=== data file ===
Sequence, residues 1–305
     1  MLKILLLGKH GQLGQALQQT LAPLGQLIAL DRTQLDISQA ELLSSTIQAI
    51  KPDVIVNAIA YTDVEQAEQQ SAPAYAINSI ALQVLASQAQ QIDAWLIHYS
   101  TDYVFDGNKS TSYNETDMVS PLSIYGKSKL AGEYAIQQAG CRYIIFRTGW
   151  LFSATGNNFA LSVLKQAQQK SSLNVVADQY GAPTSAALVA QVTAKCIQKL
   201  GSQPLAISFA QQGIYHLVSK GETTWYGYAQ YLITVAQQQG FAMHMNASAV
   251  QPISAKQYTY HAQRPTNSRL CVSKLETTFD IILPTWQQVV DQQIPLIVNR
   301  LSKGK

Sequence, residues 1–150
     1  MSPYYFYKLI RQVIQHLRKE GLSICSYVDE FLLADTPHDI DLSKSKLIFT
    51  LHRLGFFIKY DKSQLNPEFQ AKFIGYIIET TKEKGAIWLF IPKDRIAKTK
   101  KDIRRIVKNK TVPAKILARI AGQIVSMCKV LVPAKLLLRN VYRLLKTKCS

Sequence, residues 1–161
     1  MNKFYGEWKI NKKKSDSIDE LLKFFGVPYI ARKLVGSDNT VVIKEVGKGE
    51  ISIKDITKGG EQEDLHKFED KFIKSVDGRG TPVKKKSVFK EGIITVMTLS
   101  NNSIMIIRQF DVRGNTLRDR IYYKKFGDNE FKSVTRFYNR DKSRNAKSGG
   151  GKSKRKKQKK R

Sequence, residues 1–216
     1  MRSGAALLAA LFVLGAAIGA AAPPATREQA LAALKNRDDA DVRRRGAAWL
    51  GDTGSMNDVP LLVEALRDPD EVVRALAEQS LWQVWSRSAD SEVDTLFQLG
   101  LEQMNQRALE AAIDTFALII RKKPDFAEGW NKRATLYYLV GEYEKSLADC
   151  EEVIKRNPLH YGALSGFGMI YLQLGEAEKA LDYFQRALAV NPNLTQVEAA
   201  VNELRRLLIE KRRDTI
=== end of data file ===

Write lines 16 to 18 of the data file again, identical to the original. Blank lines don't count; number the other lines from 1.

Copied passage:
   101  NNSIMIIRQF DVRGNTLRDR IYYKKFGDNE FKSVTRFYNR DKSRNAKSGG
   151  GKSKRKKQKK R

Sequence, residues 1–216